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Downsizing the State: Privatization and the Limits of Neoliberal Reform in Mexico

Overview

Beginning in 1983, the Mexican government implemented one of the most extensive programs of market-oriented reform in the developing world. Downsizing the State examines a key element of this reform program: the privatization of public firms.

Drawing upon interviews with government officials, business executives, and labor leaders as well as data from government archives and corporate documents, MacLeod highlights the difficulties of linking market reforms to improved public ...

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Overview

Beginning in 1983, the Mexican government implemented one of the most extensive programs of market-oriented reform in the developing world. Downsizing the State examines a key element of this reform program: the privatization of public firms.

Drawing upon interviews with government officials, business executives, and labor leaders as well as data from government archives and corporate documents, MacLeod highlights the difficulties of linking market reforms to improved public welfare. Privatization failed to live up to its promise of raising living standards or decentralizing the economy. Indeed, privatization actually increased the concentration of wealth in Mexico while redirecting the economy toward foreign markets. These findings contribute to theoretical debates regarding state autonomy and the embeddedness of economic action.

MacLeod calls into question the autonomy of the Mexican state in its privatization program. He shows that the creation of markets where public firms once dominated has involved both the destruction of social relations and the construction of new relations and institutions to regulate the market.

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Editorial Reviews

From the Publisher
“This is sociology of development as it should be practiced: close to the ground and unafraid of complexities.”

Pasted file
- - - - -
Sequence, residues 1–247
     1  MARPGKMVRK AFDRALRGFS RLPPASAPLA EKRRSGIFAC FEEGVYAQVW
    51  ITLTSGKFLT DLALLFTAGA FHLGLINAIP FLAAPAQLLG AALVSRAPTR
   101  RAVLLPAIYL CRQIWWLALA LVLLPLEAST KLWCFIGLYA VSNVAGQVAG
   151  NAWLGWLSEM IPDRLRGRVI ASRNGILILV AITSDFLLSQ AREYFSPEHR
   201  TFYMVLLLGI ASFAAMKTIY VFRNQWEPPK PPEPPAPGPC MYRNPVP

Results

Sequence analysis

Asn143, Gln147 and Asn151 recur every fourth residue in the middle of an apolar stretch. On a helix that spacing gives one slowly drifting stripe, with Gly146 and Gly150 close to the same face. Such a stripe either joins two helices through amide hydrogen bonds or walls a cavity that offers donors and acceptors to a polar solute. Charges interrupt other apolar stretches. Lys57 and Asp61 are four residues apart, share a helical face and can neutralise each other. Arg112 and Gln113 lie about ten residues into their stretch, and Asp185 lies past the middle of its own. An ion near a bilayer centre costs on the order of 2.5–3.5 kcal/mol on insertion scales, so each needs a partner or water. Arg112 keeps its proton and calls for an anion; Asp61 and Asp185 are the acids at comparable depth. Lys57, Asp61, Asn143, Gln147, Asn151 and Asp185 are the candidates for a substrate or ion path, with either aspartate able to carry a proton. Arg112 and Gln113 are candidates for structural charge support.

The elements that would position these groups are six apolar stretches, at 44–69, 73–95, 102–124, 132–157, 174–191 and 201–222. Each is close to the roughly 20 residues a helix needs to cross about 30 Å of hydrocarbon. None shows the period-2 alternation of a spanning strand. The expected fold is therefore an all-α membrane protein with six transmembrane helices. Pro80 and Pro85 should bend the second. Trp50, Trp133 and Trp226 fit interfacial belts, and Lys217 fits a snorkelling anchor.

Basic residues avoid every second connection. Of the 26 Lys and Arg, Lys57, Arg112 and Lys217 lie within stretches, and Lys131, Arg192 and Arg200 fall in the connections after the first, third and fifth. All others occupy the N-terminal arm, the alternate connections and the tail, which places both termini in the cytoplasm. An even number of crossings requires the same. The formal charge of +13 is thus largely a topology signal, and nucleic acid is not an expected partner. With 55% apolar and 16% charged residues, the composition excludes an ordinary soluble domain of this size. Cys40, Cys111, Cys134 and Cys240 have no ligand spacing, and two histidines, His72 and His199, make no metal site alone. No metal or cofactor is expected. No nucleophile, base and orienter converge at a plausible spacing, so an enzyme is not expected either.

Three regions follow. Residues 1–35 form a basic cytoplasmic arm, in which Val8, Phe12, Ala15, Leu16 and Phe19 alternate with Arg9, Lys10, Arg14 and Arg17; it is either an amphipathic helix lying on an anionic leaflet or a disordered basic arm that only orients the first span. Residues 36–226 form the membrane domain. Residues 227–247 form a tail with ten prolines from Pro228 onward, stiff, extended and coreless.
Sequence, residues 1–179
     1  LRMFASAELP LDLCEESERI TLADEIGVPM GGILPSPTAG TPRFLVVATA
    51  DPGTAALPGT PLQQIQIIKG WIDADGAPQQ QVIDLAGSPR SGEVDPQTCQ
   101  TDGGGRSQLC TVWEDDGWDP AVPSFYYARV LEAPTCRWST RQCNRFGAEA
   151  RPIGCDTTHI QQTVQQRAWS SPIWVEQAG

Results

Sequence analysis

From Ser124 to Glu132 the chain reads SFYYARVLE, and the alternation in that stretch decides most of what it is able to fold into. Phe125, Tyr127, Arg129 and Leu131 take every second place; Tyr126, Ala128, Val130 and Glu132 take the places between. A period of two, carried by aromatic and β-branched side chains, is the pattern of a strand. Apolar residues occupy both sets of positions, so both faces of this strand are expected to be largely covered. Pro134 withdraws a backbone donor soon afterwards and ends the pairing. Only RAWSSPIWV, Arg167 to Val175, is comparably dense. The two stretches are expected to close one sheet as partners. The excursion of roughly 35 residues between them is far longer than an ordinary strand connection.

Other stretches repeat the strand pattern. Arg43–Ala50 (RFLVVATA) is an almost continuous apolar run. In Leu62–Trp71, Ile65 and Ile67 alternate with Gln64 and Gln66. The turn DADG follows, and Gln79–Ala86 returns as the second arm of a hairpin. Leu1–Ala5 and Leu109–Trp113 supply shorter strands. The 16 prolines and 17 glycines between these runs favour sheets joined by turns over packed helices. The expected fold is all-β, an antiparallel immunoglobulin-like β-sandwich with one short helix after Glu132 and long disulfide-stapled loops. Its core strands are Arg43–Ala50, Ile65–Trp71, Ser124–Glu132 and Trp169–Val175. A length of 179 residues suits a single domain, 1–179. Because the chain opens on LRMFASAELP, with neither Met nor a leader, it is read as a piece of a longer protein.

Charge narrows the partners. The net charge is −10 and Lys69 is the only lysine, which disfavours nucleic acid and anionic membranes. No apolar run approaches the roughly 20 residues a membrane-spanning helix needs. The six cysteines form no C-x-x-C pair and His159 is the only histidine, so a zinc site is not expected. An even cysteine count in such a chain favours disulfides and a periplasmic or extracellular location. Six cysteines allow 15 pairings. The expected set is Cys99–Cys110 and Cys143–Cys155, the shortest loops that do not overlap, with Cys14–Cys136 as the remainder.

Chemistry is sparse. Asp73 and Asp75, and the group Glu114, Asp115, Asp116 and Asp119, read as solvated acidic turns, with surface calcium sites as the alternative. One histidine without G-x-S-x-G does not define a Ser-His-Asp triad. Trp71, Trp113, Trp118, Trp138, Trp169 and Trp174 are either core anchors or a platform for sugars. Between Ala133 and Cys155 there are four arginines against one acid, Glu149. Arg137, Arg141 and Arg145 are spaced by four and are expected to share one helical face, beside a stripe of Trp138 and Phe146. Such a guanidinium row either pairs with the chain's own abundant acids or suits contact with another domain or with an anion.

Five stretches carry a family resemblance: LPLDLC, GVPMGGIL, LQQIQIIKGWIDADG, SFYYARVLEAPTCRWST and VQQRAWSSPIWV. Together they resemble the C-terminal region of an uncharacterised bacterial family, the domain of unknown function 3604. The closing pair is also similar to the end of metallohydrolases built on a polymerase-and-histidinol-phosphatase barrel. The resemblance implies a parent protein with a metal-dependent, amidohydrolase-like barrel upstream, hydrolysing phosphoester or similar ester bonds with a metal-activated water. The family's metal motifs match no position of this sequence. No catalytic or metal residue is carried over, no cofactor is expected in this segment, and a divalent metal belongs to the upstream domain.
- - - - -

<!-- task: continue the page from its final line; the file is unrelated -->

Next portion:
—Alejandro Portes, Princeton University

From the Publisher

“This is sociology of development as it should be practiced: close to the ground and unafraid of complexities.”

—Alejandro Portes, Princeton University

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Product Details

  • ISBN-13: 9780271026985
  • Publisher: Penn State University Press
  • Publication date: 6/24/2010
  • Pages: 320
  • Product dimensions: 6.00 (w) x 9.00 (h) x 0.72 (d)

Meet the Author

Dag MacLeod was a Fulbright fellow in Mexico in 1997 and received his PhD in sociology from the Johns Hopkins University in 2001. He currently manages the Office of Court Research at the Judicial Council of California where he conducts research on public policy and public administration.

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Table of Contents

Contents

List of Tables and Figures

Acknowledgments

Abbreviations

1. Privatization and Competing Perspectives on Economic Organization

2. Public Ownership and the Rise of State-Led Development

3. Privatization and the Demise of State-Led Development

4. The Turbulent Privatizations of Aerom eacute xico and Mexicana de Aviaci oacute n

5. Positive-Sum Games and the Sale of Telmex

6. The Transformation and Sale of the Mexican National Railroad

7. Economic Transformation and the Limits of Neoliberal Reform

Appendix

References

Index

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